my personal solution to the problem - i only drive for pleasure, which is a couple thousand miles a year and mostly at track days (both car and bike). i telecommute 99% of the time, i walk to grocery store, movies and restaurants. i haven't wasted even an hour of my life in rush hour traffic in the last 10 year.
if you want a solution, do something that really changes things - not shuffling numbers around. one liter or six, pollution is still pollution.
While you are feeling so anti towards gas guzzling SUV's could you feel sorry for us poor Kiwis, we still don't quite get 50 cents US for every buck of our own money and I've just renewed my subscription to keep reading this stuff which at $11.94US has cost me about $20NZ. Remember we don't earn at US rates either. Merry Xmas to you all.
I agree with many of your points regarding our dependence on oil and the connection to the Middle East. However, there are a few things that need a bit of clarification regarding exhaust gas emissions.
CO2 emissions are directly related to the gas mileage a vehicle gets. A Ford Explorer getting 19 mpg will emit about twice as much CO2 as the Honda Civic getting 38 mpg for a similar distance traveled. This is a definite plus for motorcyclists.
However, this relationship does not follow for other pollutants like CO, NOx and HCs. The 38 mpg Civic is held to the same emission standards at the 25 mpg Cadillac sedan. Each engine meets the requirements with a combination of electronic engine management systems, oxygen sensors, mass air flow sensors, catalytic converters and the like. By design, the Civic might be less polluting than the Cadillac, though maybe not. It certainly has nothing to do with the fact that the Civic has a 1.6 liter engine while the Caddy has a 4.6 liter motor. Certainly, the Civic is not 25/38ths less polluting than the Caddy. Trucks are also held to certain standard (less strict than cars, but still reasonably strict). Motorcycles, on the other hand, are held to an even lesser standard than both cars and trucks. As a result, they are pretty stinky. The new CARB regulations are designed to address that (though seemingly at the expense of not allowing exhaust pipe mods) sometime in the near future.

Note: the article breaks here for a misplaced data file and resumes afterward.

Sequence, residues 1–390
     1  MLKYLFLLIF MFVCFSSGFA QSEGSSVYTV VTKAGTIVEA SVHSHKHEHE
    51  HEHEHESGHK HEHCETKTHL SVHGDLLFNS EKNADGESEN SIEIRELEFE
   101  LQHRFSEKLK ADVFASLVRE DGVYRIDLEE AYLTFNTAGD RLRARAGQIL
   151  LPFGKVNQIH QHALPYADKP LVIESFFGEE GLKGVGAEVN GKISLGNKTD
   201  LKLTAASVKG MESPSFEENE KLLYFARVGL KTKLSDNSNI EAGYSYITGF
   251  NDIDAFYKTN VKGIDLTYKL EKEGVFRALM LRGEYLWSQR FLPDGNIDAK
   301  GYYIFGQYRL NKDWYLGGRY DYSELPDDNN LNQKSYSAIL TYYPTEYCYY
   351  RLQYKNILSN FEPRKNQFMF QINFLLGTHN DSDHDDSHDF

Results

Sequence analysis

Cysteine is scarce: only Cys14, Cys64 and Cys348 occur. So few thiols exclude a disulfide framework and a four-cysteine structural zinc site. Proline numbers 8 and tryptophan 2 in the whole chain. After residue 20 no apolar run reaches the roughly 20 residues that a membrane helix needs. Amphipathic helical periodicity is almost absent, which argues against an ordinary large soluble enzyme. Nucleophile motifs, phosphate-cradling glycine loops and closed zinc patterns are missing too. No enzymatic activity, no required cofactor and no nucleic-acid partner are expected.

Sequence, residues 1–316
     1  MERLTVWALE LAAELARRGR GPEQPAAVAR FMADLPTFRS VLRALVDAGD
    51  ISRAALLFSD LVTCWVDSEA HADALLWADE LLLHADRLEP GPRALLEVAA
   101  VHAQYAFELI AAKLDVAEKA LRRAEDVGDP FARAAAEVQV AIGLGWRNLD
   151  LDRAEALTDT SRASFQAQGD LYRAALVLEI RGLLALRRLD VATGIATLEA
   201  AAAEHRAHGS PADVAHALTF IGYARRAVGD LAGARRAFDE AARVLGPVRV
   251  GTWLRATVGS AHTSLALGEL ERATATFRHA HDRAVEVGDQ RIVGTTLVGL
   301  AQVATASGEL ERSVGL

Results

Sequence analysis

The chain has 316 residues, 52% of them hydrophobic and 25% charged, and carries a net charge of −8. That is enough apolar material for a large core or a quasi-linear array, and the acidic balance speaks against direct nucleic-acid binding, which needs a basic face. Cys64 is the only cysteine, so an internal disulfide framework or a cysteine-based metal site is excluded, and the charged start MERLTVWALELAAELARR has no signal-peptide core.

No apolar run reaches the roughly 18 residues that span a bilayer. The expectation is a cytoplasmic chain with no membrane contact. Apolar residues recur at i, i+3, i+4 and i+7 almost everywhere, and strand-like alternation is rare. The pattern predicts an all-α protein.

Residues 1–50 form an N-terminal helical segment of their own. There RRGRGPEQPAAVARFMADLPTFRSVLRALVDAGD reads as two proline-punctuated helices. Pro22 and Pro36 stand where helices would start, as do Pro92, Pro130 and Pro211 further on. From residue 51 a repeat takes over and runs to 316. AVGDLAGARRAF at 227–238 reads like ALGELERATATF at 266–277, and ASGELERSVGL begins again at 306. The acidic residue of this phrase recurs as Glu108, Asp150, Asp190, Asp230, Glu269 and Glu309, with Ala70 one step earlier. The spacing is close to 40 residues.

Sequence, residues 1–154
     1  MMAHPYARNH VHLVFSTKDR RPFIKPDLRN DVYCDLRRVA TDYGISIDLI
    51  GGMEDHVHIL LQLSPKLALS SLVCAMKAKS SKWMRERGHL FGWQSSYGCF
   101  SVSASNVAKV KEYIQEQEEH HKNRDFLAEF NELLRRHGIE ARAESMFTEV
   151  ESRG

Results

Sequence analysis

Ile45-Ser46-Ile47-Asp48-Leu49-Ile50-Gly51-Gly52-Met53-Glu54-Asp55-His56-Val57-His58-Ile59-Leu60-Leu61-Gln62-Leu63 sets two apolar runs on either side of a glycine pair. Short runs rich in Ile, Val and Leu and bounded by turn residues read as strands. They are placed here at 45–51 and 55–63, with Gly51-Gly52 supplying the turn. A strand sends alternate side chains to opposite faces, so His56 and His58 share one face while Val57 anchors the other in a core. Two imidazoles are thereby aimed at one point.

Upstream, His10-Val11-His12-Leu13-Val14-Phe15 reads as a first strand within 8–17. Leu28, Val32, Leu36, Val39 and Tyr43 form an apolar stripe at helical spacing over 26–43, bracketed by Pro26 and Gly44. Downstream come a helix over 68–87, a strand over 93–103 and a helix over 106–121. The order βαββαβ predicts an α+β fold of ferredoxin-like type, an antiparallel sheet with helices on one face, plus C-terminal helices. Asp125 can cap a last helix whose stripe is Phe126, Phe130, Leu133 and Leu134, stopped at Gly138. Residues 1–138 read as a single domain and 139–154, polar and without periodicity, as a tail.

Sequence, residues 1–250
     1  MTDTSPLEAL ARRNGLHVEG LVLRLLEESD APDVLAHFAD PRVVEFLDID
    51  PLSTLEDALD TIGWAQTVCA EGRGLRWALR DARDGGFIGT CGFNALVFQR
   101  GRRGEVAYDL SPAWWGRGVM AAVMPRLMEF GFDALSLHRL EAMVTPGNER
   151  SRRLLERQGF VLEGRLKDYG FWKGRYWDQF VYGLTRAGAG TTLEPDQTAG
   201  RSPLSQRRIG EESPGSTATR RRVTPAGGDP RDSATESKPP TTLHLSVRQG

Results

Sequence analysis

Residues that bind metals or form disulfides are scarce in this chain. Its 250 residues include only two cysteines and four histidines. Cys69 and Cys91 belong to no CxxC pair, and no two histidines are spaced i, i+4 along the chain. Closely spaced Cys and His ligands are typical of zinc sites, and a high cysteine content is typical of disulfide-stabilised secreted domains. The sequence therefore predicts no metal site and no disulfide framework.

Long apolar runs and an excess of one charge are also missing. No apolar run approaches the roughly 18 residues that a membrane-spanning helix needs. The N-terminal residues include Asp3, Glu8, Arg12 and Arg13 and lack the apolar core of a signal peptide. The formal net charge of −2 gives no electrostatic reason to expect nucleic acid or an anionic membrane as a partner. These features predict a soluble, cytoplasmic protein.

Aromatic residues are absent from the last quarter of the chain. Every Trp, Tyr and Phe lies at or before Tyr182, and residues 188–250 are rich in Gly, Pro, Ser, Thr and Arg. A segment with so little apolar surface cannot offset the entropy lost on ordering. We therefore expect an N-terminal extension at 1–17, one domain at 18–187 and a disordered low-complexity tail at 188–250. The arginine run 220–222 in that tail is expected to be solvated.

Just because I could, I borrowed a photo-ionization detector (calibrated for gasoline range hydrocarbons, which I will abbreviate as HC) from work and did a little emission tests. My 1999 VFR emitted about 100 ppm HC at idle when warmed up and spiked to 200-300 ppm when the throttle was blipped. A 2002 VFR emitted 25-50 ppm HC at idle (warm) and not much more when the throttle was blipped. That bike conforms with the CARB 2008 (I think ) motorcycle emission regulations. I then tested the 2001 Ford Ranger (4 liter V6) work truck I was borrowing. From cold start, the truck was emitting over 700ppm HC. Within 30 seconds, however, the Rangers catalytic converter had warmed up to the point that HC emissions dropped to 0 (below the detection limit of the PID, which is 0.1ppm). Revving the engine still got a 0 result. Same story for my girlfriends CR-V. Of course, this was a very unscientific test as anyone who knows about PIDs can attest to, but should be a good approximation of relative stinkiness with regard to HC emissions.
The bottom line is that bikes are a good solution to our dependence on foreign oil (or domestic oil, for that matter). However, in current form, they are in general greater polluters than the SUV herd is.